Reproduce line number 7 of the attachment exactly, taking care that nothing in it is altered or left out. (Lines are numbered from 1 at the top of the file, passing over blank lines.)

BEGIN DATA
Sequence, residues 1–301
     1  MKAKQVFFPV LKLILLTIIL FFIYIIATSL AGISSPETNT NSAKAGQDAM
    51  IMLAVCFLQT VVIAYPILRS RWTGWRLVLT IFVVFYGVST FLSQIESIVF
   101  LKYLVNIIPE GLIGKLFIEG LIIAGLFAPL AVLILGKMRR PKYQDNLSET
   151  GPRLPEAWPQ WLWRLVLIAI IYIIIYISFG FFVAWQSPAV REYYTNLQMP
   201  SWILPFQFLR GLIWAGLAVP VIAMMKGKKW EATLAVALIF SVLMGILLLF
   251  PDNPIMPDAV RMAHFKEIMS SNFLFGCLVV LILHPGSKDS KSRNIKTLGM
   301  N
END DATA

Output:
   251  PDNPIMPDAV RMAHFKEIMS SNFLFGCLVV LILHPGSKDS KSRNIKTLGM